HOLLYWOOD, Fla.—GigaSpaces Technologies plans to enter into a partnership with SpringSource to more directly support the Spring Framework.
Geva Perry, chief marketing officer at GigaSpaces, said his company plans to announce a partnership with SpringSource, where the two companies will engage in joint marketing, promotions, training and education, and support.
GigaSpaces' eXtreme Application Platform is considered a "scale-out" architecture, or middleware that enables users to deliver dynamic scalability for high-volume transactional applications, Perry said in an interview with eWEEK here at the Spring Experience conference, SpringSource's user conference. Spring helps to simplify that.
"Spring has become the standard for programming in enterprise Java," Perry said. "We decided to go with an open, standards-based approach and we made Spring our primary API. We opened that and we call it OpenSpaces. It's a no-brainer for us to do a partnership with SpringSource since it is our flagship API."
The way the partnership will work is that "GigaSpaces can be your scale-out solution," Perry said. "You might call it 'Scalable Spring.' If you have an application you want to scale, you can basically switch to GigaSpaces with no code change."
He said the GigaSpaces partnership with SpringSource could be announced as early as Dec. 17.
"We're going to go after Spring users to replace their J2EE [Java 2 Platform, Enterprise Edition] application servers," Perry said. "Spring has helped make our product simpler and easy to use. And that's given it more mainstream developer appeal."
He said GigaSpaces is poised to take advantage of the shift to cloud computing and distributed computing scale-out architectures that companies like Google, eBay, Amazon, Facebook and others have pursued.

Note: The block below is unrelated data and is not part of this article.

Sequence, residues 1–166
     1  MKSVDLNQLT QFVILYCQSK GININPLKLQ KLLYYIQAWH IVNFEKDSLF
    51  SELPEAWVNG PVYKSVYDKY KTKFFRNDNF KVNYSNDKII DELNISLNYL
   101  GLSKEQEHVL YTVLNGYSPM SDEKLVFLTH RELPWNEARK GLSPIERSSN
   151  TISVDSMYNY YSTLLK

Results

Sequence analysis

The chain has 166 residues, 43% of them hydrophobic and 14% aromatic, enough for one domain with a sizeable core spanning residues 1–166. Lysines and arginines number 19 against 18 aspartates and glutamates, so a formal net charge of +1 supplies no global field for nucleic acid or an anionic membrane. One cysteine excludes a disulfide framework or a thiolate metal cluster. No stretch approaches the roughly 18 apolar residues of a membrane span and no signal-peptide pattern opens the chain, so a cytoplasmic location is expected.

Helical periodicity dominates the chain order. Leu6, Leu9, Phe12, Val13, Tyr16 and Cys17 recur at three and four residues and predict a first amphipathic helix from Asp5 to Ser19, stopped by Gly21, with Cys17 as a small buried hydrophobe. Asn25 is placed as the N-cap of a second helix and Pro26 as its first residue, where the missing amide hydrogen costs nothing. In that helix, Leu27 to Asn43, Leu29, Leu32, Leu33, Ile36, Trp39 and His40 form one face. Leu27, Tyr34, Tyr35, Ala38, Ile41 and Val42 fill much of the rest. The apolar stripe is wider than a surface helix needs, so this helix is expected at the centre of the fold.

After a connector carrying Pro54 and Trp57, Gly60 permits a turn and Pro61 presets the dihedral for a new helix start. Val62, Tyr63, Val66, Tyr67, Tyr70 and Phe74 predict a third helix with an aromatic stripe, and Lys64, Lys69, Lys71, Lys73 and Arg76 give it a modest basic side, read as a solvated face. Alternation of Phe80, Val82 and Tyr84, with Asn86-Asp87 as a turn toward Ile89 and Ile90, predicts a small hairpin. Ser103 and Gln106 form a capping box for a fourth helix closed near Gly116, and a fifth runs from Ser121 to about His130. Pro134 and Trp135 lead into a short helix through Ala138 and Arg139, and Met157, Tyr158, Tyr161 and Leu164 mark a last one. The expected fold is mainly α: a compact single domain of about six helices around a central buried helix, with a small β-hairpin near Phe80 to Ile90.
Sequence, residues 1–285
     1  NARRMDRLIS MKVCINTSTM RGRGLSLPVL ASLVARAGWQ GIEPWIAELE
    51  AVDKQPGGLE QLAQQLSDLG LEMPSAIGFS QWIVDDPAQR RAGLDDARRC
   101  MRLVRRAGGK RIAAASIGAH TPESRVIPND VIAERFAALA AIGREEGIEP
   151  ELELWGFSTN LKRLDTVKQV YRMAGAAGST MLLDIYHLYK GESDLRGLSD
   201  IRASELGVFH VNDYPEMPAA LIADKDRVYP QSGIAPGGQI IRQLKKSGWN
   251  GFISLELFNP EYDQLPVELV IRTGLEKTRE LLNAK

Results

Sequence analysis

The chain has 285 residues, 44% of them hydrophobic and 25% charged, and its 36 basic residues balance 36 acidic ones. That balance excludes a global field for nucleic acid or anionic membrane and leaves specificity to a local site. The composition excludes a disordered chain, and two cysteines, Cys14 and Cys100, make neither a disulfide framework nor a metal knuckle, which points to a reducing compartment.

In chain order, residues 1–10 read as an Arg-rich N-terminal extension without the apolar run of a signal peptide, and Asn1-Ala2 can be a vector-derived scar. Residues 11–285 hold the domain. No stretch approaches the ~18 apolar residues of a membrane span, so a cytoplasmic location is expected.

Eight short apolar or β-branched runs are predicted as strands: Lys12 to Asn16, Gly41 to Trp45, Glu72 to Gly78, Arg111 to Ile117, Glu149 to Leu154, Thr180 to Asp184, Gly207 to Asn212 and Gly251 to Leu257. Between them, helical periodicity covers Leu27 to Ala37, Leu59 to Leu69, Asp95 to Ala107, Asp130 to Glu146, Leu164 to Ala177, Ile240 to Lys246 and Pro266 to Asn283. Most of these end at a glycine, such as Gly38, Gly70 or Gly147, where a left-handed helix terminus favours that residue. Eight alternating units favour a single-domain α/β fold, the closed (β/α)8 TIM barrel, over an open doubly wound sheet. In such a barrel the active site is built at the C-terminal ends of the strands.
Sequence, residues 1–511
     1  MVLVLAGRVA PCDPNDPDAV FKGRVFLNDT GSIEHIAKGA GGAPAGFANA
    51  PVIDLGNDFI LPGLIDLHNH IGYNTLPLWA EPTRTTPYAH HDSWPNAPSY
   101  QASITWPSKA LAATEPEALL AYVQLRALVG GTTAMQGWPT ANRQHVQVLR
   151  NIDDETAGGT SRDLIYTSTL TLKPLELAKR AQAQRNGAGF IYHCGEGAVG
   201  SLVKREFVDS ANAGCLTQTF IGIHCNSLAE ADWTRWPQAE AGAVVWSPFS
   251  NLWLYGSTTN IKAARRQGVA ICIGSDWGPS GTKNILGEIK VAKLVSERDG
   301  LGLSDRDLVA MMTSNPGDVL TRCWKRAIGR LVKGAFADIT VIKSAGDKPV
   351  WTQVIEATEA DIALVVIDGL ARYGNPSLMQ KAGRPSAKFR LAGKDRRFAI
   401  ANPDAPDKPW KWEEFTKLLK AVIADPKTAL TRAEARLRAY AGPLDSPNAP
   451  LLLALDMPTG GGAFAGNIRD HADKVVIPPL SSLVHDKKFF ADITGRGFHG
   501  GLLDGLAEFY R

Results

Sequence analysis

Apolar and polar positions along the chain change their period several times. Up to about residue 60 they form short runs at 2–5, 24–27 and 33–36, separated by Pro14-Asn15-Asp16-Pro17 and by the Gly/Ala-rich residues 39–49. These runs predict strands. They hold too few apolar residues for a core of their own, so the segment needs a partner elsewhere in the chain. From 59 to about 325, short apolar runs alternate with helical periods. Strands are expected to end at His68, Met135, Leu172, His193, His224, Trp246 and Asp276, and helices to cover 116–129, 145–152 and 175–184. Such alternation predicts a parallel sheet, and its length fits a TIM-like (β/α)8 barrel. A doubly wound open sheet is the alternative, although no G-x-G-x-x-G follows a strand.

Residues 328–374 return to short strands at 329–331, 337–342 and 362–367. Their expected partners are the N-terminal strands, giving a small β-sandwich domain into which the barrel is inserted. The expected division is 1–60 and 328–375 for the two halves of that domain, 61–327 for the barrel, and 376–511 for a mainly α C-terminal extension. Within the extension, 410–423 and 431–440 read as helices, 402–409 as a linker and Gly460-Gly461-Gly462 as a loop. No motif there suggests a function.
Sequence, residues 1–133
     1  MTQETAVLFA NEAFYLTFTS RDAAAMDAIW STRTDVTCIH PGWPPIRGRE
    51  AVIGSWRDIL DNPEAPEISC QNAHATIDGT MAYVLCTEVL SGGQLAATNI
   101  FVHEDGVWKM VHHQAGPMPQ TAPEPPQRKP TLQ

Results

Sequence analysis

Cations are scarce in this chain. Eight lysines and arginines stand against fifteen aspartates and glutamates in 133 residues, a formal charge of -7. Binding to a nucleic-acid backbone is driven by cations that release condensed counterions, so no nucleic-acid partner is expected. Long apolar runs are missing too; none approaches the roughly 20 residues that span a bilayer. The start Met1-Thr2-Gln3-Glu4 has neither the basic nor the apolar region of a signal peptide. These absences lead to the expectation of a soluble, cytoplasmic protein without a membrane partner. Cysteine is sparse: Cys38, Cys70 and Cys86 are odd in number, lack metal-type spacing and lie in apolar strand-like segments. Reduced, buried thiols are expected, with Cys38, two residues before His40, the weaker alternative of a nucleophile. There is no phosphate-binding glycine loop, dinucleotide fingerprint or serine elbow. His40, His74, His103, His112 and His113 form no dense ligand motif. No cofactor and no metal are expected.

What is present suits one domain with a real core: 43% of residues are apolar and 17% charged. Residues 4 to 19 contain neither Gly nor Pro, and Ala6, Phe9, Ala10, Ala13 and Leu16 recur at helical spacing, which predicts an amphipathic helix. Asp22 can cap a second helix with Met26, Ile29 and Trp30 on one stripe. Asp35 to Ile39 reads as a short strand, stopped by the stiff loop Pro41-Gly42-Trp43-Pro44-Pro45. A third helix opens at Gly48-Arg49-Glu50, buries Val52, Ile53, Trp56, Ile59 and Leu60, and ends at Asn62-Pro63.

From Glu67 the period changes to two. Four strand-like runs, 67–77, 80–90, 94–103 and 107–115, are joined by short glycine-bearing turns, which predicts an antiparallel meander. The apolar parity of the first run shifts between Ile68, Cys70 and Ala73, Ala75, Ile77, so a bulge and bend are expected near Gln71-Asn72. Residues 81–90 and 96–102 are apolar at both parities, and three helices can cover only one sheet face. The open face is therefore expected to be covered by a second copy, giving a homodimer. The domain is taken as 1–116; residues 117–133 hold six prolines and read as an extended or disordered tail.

"These guys went ahead and built their own infrastructure; we're creating the middleware that provides you with the tools to do that scale-out," Perry said. "Our goal is no less ambitious than becoming the middleware standard for this scale-out architecture."
With GigaSpaces, "from a programming model, there's no need to know about threads or parallel programming," he said.
Perry, like SpringSource CEO Rod Johnson, said that early on in the enterprise Java world, when the Java application server was seen as a one-size-fits-all technology, it could not do everything. Supporting a scale-out architecture for extreme transaction processing requires a broader solution, Perry said.
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"Our product is a full application platform that tries to solve this problem end-to-end," he said.
Perry said he does not believe that GigaSpaces has many direct commercial competitors because of this, although he admitted that Tangosol, now known as Oracle Coherence after its acquisition by Oracle, has been a rival.
Yet, GigaSpaces continues to grow. In 2007, the company doubled its number of employees and had triple-digit growth in revenues, Perry said.
"In terms of competition, we're holding our own and we've beaten Tangosol in many accounts, even now that they're part of Oracle," Perry said. "I think being independent helped us."
GigaSpaces customers include leaders in the financial services, telecommunications sectors and government institutions, including Chicago Mercantile Exchange, Dow Jones, Virgin Mobile and Nortel Networks.
Meanwhile, although GigaSpaces got its start in the Java world, "we have a .Net solution, a purely C++ solution, and we can deliver seamless integration between your Java and .Net solution," Perry said.
He said GigaSpaces has a relationship with Microsoft around Excel, which is heavily used in financial services solutions, particularly on Wall Street.
"Excel was never meant to be a very scalable shared resource," Perry said. "What we're doing with Microsoft is we've developed a solution where on the back end there's this scalable, low-latency system based on GigaSpaces, and on the front end they have Excel."
Perry said GigaSpaces has a large opportunity for a scale-out solution in the Microsoft environment. "There's nothing in the .Net world that addresses these problems," he said.
Meanwhile, on Dec. 10 GigaSpaces launched the OpenSpaces Developer Challenge, which will award $25,000 in prizes to developers who build the most unique and innovative applications or plug-ins for the OpenSpaces Framework. Prizes range from $1,000 to $10,000.
Moreover, in November, GigaSpaces announced the GigaSpaces Start-Up Program, which provides qualified startup companies and individuals with full, free and perpetual use of XAP, the company's flagship product.
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